An Acceptable Sacrifice
In a few chosen phrases Gandhiji has explained why he has selected Shri Vinoba as the first satyagrahi. It is impossible to improve on that thumb-nail sketch. But it may not be inappropriate to add a few more facts about his busy life, in which all the twenty-four hours of the day have been given to activity of, prayerful service which alone, in his opinion, can take one to self-realisation. It is this that makes of his sacrifice “a sacrifice acceptable, well-pleasing to God”.
Within three years of his joining the Satyagraha Ashram at Sabarmati he was invited by Shri Jamnalalji to be at the head of the only branch of the Ashram at Wardha which he had opened, Vinoba’s services were lent by Gandhiji, and when he went there he chose as his co-workers people who were pledged to a strict observance of the vows. In 1923 he threw himself heart and soul into the Nagpur Flag Satyagraha movement, and distinguished himself as a model prisoner. After a visit to Nagpur Shri Rajagopalachari wrote about Shri Vinoba:
“Look at Vinoba, gentle as an angel, whose soaring spirit has reached the heights of scholarship, philosophy and religion, and yet whose humility is so genuine and successful that no official who does not know him can discover his greatness. He breaks his stone metal according to the ‘class’ the jailor has put him in, and no one knows the physical torture he silently bears. But we at the prison gate who heard about the treatment accorded to him gave way to an involuntary shudder.”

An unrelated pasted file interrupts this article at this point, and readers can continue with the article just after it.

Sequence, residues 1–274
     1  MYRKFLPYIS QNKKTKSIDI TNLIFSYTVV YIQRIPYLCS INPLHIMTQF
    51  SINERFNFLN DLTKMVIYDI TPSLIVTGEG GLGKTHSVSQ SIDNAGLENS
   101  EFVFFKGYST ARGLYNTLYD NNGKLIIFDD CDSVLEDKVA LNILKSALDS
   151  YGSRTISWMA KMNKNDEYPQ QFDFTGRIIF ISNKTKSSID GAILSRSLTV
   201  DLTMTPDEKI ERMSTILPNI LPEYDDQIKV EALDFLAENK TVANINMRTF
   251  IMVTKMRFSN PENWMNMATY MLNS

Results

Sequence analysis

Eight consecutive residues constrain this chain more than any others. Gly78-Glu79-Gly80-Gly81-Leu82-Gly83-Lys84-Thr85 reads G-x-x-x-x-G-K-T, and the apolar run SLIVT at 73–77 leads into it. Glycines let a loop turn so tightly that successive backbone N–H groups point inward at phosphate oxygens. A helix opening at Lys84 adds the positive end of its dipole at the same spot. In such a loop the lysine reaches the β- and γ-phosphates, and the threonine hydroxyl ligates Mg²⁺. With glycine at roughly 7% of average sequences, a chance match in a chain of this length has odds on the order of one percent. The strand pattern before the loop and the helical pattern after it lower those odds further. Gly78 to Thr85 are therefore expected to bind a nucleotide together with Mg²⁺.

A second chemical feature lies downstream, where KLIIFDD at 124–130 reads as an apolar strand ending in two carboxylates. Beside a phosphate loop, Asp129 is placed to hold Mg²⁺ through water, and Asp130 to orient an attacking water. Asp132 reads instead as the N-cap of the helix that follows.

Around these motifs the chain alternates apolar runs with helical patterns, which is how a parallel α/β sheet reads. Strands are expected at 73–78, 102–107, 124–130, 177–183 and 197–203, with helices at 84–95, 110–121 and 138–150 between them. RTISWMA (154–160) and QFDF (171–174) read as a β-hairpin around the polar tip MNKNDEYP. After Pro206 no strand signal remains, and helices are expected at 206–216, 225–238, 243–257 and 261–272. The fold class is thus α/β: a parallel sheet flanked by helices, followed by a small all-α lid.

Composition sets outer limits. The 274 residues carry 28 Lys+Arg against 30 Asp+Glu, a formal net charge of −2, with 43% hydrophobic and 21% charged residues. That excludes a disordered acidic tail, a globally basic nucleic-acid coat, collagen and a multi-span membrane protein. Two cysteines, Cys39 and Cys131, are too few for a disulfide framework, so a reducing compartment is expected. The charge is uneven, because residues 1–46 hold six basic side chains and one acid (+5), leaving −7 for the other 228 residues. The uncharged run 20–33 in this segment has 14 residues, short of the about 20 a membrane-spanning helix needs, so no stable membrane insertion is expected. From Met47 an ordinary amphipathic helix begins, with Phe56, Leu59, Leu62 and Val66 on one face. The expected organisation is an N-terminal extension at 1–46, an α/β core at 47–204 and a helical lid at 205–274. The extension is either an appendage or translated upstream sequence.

In the same issue of Young India 17 years ago I wrote a long article about him from which I condense the following:
“You may stay days and days with him without knowing him, and even when you know him you only begin to know him. You meet with a reserve which you cannot easily break. He does not talk much, rarely does he say anything about himself. And yet if you could get at the bottom of his profound depths, yon are sure to exclaim, ‘Nowhere have I struck such treasures.’ I do not think there is anyone in the C. P. Jails today who can be compared to Vinoba with his sturdy asceticism, his profound religious and philosophic learning, his matchless power of penance and self-discipline, and a rare humility which probably is a product of all the rest. We hear of the grim determination of the child Dhruva to realise God, the simple faith, unbending before all odds, of the boy Prahlad, and of the rare strength of the lad Nachiketas marching to the God of Death to be devoured up, and we wonder what these spiritual prodigies must have been like. You see Vinoba and you will not find it difficult to imagine any one of them doing the things they did.